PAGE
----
The withered dune grass slumps beneath a sere
Gray frozen sky, as winter tag-teams fall
And nighttime frost compels the Black-Tailed deer
To seek out warmer lairs beneath the tall,

Cone-laden Sitka spruce. The screech of jays
Intone a requiem for summers past,
And fading memories of once-lived days
Grieve “might-have-beens” that long-since breathed their last.

As chill-red sunsets summon forth the stars
And darkness shrouds a world entombed by night,
With lidless eyes we carry unhealed scars
Of broken dreams and wrongs not yet made right.

Yet each new dawn, a-bloom with lightful hours,
Will bear the scent of spring, new hope, and flowers.



James A. Tweedie is a retired pastor living in Long Beach, Washington. He has written and published six novels, one collection of short stories, and three collections of poetry including Mostly Sonnets, all with Dunecrest Press. His poems have been published nationally and internationally in The Lyric, Poetry Salzburg (Austria) Review, California Quarterly, Asses of Parnassus, Lighten Up Online, Better than Starbucks, Dwell Time, Light, Deronda Review, The Road Not Taken, Fevers of the Mind, Sparks of Calliope, Dancing Poetry, WestWard Quarterly, Society of Classical Poets, and The Chained Muse. He was honored with being chosen as the winner of the 2021 SCP International Poetry Competition.

NOTE TO READERS: If you enjoyed this poem or other content, please consider making a donation to the Society of Classical Poets.

The Society of Classical Poets does not endorse any views expressed in individual poems or commentary.

CODEC Stories:

13 Responses

  1. Cynthia Erlandson

    This is exquisite, James, with many clear images reflecting the title. The jays intoning a requiem for summers past is really wonderful. And juxtaposing the shroud covering the night, with lidless eyes, says so much in a few words.

  2. Paul Freeman

    Fantastic stuff – and full of wisdom.

    It can take a lot to cheer us up these days – and you have with that final, brimming-with-positivity couplet.

    Thanks for the read, James.

  3. Damian Robin

    I love the uplift after the falling negatives of loss, dim colours, and regretful observation of clumps of life drifting away. It tells us all is not lost, a whiff of newness is always present in the fitful hours of morning and a potential bouquet of undescribed blooms.

    • Damian Robin

      Love the photo, James. Almost like barbed wire keeping the sun away, fitting the octave of the sonnet but touching on the possible flowers (or growing vegetation, at least) in the closing couplet.

  4. C.B Anderson

    This poem, James, gives me a lot to chew on. First of all, what is a black-tailed deer doing seeking shelter underneath a tree that is native to the South Pacific? In “darkness shrouds a world entombed by night” you seem to have doubled down on the depression theme, and we can both be glad that we don’t live in Spitzbergen. I’m not sure how “with lidless eyes we carry unhealed scars,” but the image is arresting, and, of course, your poetic license has no expiration date. If nothing else, you have mastered mood and the mysterious role of the pesky hyphen.

    • James A. Tweedie


      Lololol You caught me in one of the biggest brain freezes ever! Having lived in Hawaii for 17 years I am more than familiar with the Norfolk Island Pine, there having been a large specimen on my church property in Mililani (it’s worth mentioning in passing, that early explorers trans-planted them across the Pacific with the thought that, when grown, they could be used to replace damaged masts).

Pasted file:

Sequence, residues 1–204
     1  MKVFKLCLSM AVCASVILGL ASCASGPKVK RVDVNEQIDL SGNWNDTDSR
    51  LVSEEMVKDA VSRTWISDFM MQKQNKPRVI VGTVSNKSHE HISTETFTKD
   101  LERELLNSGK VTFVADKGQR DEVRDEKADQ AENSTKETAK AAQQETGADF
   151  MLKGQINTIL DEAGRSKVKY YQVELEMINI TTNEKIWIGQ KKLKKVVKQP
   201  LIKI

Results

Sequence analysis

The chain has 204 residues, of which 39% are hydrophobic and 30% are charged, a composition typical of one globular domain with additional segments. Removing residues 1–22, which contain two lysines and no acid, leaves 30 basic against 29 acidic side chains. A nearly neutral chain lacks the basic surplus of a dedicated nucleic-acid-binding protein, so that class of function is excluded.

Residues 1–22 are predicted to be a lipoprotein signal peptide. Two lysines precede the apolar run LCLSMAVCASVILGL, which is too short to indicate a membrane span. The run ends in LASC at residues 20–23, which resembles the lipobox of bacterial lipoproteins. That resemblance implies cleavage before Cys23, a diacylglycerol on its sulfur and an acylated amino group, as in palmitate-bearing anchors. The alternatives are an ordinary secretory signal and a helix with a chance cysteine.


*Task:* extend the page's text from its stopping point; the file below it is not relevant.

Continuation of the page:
Somehow this vestigial memory slipped in where the words, Sitka spruce, were supposed to go (I have a large specimen of this tree directly behind my house).

      Only an expert gardener would have likely caught my blunder and I, for one, am glad you did, since someday the poem may appear in print and that would amplify the embarrassment and humiliation all the more!

      As for lidless eyes, that is an allusion to what is all too often our human inability to “turn a blind eye” to the “unhealed scars of broken dreams and wrongs not yet made right” that haunt us from our past, including all those “might-have-beens.”

      And yes, there are several phrases in this poem of which I am quite fond. “Chill-red sunsets” is one. “Lightful hours” is another. And, last but not least, “lidless eyes.”

      For posterity I will request Mike to make the appropriate correction to my arboreal error.

      • Paul Freeman

        Arboreal Anthitheses Limerick

        When writing of trees, please stay calm,
        or else you might spread much alarm;
        for oaks aren’t a place
        where a sloth shows its face,
        nor do bears climb a coconut palm.

  5. James A. Tweedie


    So funny! Now if I can only figure out the difference between an opossum and a possum, and the three-toed and two-toed sloth (I do know that I represent the five-toed species of the latter).

    I no longer, however, climb trees of any kind.

  6. Roy Eugene Peterson

    I really love your imagery and smooth depiction of depression, “Yet” hope. I identify with: “With lidless eyes we carry unhealed scars of broken dreams and wrongs not yet made right.” Then I am refreshed with your words: “Yet each new dawn, a-bloom with lightful hours, will bear the scent of spring, new hope, and flowers.” “Yet” is a wonderful name for your poem!

    • James A. Tweedie

      Thank you, Roy. Evan added the descriptive pre-title which I think captured the contrast between the gloom and the bloom, so to speak! I am pleased that it spoke to you in a personal way. May your Christmas and New Year bring with them the scent of spring, hope, flowers along with the sound of angels.


Leave a Reply

Your email address will not be published.

Captcha loading...

This site uses Akismet to reduce spam. Learn how your comment data is processed.